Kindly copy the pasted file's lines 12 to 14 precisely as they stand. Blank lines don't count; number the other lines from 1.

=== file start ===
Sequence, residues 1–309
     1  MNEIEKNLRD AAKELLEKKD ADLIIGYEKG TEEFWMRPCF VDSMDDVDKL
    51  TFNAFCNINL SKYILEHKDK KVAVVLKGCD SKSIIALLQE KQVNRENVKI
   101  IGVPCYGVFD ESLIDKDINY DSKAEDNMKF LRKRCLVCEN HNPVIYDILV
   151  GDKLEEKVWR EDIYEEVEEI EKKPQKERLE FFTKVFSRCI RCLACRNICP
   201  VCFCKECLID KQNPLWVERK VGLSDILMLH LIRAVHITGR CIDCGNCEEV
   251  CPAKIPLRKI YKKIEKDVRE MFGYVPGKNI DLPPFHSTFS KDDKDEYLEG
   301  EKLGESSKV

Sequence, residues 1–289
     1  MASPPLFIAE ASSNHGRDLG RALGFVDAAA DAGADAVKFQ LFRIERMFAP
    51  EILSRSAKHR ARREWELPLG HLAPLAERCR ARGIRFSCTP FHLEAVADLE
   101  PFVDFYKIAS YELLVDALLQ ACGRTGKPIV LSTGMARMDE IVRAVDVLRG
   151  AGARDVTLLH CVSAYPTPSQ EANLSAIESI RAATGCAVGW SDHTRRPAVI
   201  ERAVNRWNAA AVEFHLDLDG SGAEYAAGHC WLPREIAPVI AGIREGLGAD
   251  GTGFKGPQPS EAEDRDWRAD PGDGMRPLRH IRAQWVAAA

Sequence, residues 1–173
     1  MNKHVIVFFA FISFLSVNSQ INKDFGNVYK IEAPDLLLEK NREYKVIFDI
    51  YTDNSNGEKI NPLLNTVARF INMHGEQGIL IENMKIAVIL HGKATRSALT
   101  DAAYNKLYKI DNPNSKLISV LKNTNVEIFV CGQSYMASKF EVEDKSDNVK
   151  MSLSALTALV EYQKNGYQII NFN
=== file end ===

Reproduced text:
   101  PFVDFYKIAS YELLVDALLQ ACGRTGKPIV LSTGMARMDE IVRAVDVLRG
   151  AGARDVTLLH CVSAYPTPSQ EANLSAIESI RAATGCAVGW SDHTRRPAVI
   201  ERAVNRWNAA AVEFHLDLDG SGAEYAAGHC WLPREIAPVI AGIREGLGAD